I have contributed to a new report on the current state of the art in energy poverty measurement, overviewing existing knowledge gaps and new approaches as part of the ESRC Just Energy team. Siddharth Sareen and Harriet Thomson have edited this report as part of their outstanding work in the ENGAGER COST Action.
With input from seventeen leading experts, this report provides an excellent overview of ongoing discussions on energy poverty. It provides cutting edge insights on energy poverty metrics – in terms of common and emerging approaches, and policy levers for energy poverty governance. The report also overviews existing knowledge gaps and provides recommendations for further action.
ESRC Just Energy research project looks at the links between energy poverty and vulnerability and access to justice. Our contribution focuses on complaint service metrics, which have been identified as major gaps we should urgently address.
Find here an excerpt:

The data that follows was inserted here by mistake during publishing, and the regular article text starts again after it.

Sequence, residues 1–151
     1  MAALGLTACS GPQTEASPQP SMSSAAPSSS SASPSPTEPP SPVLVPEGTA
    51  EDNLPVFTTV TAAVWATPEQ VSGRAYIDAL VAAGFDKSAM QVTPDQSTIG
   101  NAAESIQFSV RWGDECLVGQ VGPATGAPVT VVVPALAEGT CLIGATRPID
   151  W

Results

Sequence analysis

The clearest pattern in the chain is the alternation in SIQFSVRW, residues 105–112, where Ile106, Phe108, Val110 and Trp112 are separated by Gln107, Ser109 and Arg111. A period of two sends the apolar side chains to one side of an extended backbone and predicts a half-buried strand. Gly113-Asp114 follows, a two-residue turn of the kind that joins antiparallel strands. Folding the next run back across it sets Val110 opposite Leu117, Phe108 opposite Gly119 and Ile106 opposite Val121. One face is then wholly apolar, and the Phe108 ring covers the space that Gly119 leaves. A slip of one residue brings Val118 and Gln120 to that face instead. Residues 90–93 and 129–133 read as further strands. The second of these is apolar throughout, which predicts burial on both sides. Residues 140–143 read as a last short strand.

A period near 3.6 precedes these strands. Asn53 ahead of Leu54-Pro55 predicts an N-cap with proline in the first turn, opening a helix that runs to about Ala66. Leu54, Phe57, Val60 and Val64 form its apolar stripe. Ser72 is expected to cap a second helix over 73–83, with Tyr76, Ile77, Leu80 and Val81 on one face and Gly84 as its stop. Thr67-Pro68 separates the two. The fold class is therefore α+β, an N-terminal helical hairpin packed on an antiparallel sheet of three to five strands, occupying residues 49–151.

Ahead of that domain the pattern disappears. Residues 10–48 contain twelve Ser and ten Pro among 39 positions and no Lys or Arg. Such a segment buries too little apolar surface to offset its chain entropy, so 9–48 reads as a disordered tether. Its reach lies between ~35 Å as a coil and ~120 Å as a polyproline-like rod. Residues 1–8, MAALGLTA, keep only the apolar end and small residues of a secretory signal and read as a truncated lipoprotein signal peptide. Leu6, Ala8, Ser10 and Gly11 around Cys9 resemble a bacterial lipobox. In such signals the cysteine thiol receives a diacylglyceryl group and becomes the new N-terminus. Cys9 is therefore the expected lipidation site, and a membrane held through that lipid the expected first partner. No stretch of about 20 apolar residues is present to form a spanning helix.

Complaint service metrics (by Marine Cornelis, Christian Gill and Naomi Creutzfeldt)
Analysing consumer complaints is one of the best ways to monitor a given market and assess any innovation to identify and address its shortcomings. Trust in the energy sector is low in all European countries (European Commission, 2018). This translates into a higher proportion of disputes and higher detriment scores on the Consumer Markets Scoreboards. Data collected by energy consumer dispute-resolution services and ombudsmen confirm these trends: overall, in Europe, most registered complaints are related to invoicing and billing, followed by metering and meter-related issues. Complaints related to payment problems and commercial practices are on the rise, as are misleading and unfair practices in doorstep-selling, especially in France and Belgium.
These data suggest a strong correlation with the (financial) well-being of the people, their energy expenditures, and behaviour. (…)
Research on users of alternative dispute resolution (ADR) uncovered that a typical complainant is male, middle-aged, white (according to the UK statistics), and educated. This is the same demographic that arguably has access to, and can confidently navigate, the legal system. What about others whom ADR is also supposed to help – those who are vulnerable, those who have trouble understanding the system, and those who are excluded from knowing where to turn for help? This is a massive gap that ADR does not cover enough at present.